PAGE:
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The Philadelphia Phillies became the fourth team to advance to the league championship series with a 3-1 win over the Atlanta Braves on Thursday night.
On Wednesday night, the Houston Astros and Arizona Diamondbacks punched their tickets to the next round, a day after the Texas Rangers beat the 100-win Los Angeles Dodgers and the Rangers beat the 99-win Tampa Bay Rays. And the 101-win Baltimore Orioles — now the 104-win Braves — are gone.
How did the Phillies manage to knock out the Braves for the second year in a row? Will Philadelphia pass the D-Packs and make another World Series trip? What about another early postseason exit following Atlanta’s record-breaking regular season? We’ve got updates, takeaways and ESPN MLB experts Buster Olney, Jesse Rogers and David Schoenfield covering everything for both teams.
Important Links: What you need to know | Full playoff schedule
Philadelphia Phillies 3, Atlanta Braves 1: Two straight Braves-Phillies showdowns in NLDS — It’s two straight trips to the NLCS for the Phillies as they knocked off the Braves again with a Game 4 win on Thursday night. A slump works in favor of the Phillies when they play at home. In Games 3 and 4, they went down early before quickly rebounding to knock off the mighty Braves. Atlanta says all the right things but it saw Terrified — and that showed both at the plate and on the mound. Just when you think you’re safe because you can keep Bryce Harper and Kyle Schwarber quiet, along comes Nick Castellanos. Trea Turner had a three-hit day that included two home runs while she had four hits. Phillies idle at home — now they have home field advantage in the next round. — Jesse Rogers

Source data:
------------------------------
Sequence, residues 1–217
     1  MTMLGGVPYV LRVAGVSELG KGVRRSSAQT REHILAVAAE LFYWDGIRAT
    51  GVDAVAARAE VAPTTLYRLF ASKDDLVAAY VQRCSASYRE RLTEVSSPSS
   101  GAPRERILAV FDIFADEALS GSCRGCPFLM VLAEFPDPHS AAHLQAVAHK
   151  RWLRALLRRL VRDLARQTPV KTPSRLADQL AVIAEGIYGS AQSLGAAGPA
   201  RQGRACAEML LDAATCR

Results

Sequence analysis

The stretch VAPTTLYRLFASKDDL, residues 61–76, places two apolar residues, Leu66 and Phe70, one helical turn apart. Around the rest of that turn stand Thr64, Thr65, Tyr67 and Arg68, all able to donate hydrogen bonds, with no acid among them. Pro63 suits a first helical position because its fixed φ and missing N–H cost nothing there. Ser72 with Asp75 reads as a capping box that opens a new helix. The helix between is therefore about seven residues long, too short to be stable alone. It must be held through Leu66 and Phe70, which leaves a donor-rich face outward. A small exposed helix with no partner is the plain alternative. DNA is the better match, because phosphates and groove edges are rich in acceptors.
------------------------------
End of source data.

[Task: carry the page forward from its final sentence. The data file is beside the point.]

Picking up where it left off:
Playoff price aside, who is the other Phillies player who impressed you the most this series?
Olney: Ranger Suarez started two of the four games in the series and was very good, which seemed to boost Rob Thompson’s confidence in the lefty. In Game 4, Thompson seemed to leave Suarez in the game a little longer because of the confidence he gained in Game 1, and in return, Suarez kept spinning his breaking ball with a confidence that seemed to resonate with him. Thompson will certainly be happy to hand the ball to Suarez in Game 3 or 4 of the NL Championship Series.
Schoenfeld: Going into the postseason, I felt like Aaron Nola was one of the most important players of the entire postseason. He’s been homer-prone in an up-and-down regular season, but so far he’s had two strong starts with wins over the Marlins and Braves. Heck, to Buster’s point, throw in Suarez and suddenly the Phillies are a strong 2-3 in the rotation behind ace Zack Wheeler.
Rogers: Nick Castellanos. He’s called a professional hitter, and that’s why he took Spencer Strider, the majors’ strikeout leader, twice deep in Game 4 after homering twice in Game 3. No player has ever done that. Harper, Kyle Schwarber and Trey Turner get most of the headlines, but Castellanos steals them in this series. The guy can hit flat.
What made Philly fit Atlanta so well in the postseason?
Olney: I don’t think it fits well; Rather, I think it’s about timing. In ’22 and again in ’23, the Braves’ rotation was deeply affected by injuries heading into the playoffs. This year, Max Fried is coming off a blister problem and his start in Game 2 was unclear. Charlie Morton was never available. In all of these division rival matchups — Los Angeles Dodgers vs. Arizona Diamondbacks being another example — there’s no awe, no unknown. Since these teams have faced each other so often, there is no mystery.